Seating students together is not enough to ensure teamwork. Many kids have very little idea how to interact appropriately with their classmates. They simply lack the social skills needed to perform the most basic cooperative tasks. Lack of social skills is probably the biggest factor contributing to lack of academic success in teams. Fortunately, social skills can be taught just like academic skills. If you use a systematic approach like the one described below, you’ll find that your students CAN learn how to interact appropriately and become productive team members.
For more information on how to explicitly teach social skills to young children or children with special needs, visit Model Me Kids and check out their library of social skill videos.
Steps of Teaching Social Skills
1. Discuss the Need for Social Skills
Before you can help students improve their social skills, they need to understand why these skills are important. You might have students Roundrobin problems they’ve experienced in cooperative learning teams. Then point out that most of these problems are caused by poor “social skills,” sometimes known as “people skills.” Share with them that even adults need to work on their social skills from time to time! Have them brainstorm lists of social skills to work on throughout the year. You might offer a few suggestions from the list on the right to get them started.
2. Select a Social Skill
When teaching social skills, it’s best to focus on just one skill at a time. You can choose the skill, or you can let your class decide which skill they need to work on first. I generally start by teaching the skill of Praising, and along with that I reinforce the idea that I will not permit “put down” comments. Select just one skill as your focus. You might want to work on a different skill each week, perhaps even creating a Skill of the Week bulletin board.
3. Teach the Skill
This step is not as obvious as it might seem. It’s not enough to say, “Be nice!” You have to help students identify exactly what they need to do and say in order to improve the identified social skill. For this part of the lesson, Use the T-chart shown at right. You can make a laminated poster for your bulletin board or create a transparency to use on the overhead projector. Write the social skill in the box at the top. Then ask members of the class to Brainstorm what students should do and say when they are demonstrating the social skill. The things that they DO are listed in the Looks Like column because this is what the skill looks like to others when it is demonstrated. The things they SAYare listed in the Sounds Like column because this is what the skill sounds like to others. Download Worksheet here: socskill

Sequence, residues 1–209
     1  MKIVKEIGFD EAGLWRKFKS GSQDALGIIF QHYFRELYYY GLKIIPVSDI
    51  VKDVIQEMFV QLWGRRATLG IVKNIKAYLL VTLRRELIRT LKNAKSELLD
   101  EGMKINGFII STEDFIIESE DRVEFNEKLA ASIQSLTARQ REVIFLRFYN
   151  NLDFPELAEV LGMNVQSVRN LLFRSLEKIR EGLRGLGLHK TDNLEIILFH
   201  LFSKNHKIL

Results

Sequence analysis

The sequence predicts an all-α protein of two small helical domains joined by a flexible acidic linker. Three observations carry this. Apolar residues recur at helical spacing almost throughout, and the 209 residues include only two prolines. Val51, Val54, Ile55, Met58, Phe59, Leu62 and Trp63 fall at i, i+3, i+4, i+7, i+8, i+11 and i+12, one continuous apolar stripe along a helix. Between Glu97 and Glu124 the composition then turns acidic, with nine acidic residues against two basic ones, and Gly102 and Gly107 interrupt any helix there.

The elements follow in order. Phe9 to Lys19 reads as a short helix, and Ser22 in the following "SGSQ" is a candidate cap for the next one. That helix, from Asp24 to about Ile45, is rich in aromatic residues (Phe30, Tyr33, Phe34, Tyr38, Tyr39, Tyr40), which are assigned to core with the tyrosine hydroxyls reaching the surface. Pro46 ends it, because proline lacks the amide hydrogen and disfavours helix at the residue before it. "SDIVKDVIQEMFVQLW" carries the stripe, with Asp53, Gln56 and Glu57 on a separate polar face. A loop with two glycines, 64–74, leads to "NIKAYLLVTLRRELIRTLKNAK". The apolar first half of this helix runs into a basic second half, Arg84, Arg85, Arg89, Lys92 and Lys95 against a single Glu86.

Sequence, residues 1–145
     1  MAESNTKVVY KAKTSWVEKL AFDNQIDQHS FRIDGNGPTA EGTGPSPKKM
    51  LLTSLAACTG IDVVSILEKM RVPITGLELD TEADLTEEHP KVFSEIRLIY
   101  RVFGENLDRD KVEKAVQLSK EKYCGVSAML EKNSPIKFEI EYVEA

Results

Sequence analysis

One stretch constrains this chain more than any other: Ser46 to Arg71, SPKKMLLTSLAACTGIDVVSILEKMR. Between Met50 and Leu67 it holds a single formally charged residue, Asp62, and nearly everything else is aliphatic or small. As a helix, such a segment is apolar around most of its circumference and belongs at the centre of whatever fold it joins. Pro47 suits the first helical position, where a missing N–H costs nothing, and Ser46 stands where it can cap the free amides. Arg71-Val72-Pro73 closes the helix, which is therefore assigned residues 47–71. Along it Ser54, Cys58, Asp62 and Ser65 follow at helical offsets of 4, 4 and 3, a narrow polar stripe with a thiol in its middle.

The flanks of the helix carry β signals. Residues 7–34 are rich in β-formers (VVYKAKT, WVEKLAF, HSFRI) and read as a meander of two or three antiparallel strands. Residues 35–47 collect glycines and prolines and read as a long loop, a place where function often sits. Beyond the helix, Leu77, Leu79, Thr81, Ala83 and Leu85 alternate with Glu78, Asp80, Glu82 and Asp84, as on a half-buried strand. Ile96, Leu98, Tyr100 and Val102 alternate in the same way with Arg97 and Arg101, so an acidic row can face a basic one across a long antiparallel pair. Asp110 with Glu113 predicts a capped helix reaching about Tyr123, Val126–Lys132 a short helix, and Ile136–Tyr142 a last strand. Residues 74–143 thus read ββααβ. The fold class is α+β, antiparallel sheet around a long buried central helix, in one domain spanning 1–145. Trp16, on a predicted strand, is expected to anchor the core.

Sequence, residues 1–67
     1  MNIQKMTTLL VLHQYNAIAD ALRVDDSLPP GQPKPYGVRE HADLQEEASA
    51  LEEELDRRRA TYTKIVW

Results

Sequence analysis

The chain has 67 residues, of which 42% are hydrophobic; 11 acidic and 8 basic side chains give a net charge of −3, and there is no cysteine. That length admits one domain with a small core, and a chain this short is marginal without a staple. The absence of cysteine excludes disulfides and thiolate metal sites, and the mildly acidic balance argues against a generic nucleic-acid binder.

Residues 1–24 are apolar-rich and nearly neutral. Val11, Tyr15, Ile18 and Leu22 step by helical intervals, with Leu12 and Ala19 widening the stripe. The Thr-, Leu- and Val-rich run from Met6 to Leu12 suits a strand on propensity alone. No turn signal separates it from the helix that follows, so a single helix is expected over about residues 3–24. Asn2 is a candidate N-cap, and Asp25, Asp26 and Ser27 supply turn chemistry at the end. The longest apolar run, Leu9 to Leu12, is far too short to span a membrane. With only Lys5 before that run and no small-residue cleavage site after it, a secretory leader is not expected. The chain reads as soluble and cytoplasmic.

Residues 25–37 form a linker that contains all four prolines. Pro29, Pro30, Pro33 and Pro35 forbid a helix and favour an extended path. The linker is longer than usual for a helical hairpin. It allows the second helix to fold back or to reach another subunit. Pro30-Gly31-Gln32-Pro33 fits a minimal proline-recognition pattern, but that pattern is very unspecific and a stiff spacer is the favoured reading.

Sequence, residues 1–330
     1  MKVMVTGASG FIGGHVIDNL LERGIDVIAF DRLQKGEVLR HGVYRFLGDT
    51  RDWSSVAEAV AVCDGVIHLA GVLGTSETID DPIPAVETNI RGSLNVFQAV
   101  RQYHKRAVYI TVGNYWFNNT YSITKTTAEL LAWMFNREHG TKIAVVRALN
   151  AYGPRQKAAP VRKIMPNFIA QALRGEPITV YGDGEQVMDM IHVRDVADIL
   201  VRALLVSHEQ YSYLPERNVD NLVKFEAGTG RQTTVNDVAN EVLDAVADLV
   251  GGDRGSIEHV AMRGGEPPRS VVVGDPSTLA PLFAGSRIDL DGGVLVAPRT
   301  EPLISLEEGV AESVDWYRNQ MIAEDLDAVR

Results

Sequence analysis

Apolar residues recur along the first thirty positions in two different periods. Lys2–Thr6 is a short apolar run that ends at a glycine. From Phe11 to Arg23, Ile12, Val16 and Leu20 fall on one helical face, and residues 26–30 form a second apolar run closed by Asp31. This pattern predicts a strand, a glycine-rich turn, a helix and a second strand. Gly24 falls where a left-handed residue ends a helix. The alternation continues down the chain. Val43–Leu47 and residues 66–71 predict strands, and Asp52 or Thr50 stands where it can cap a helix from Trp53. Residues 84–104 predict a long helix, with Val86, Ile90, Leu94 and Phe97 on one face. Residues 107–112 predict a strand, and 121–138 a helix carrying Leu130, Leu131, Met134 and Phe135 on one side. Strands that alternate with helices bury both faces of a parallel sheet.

Examples for the skill of Praising:
Looks Like: Thumbs up, Clapping, Smiling
Sounds Like: Terrific! I knew you could do it! You’re so smart! Way to go! I like the way you…
4. Practice the Skill
After you discuss what the skill Looks Like and Sounds Like, you need to provide an immediate opportunity for practicing the skill. The best way to do this is to plan a structured cooperative learning activity to follow the social skills lesson. For example, if you taught Active Listening as the social skill, you might follow up with a simple Roundrobin activity. Roundrobin would be an ideal choice because each person takes a turn responding to a question, and everyone else should be listening actively to their response.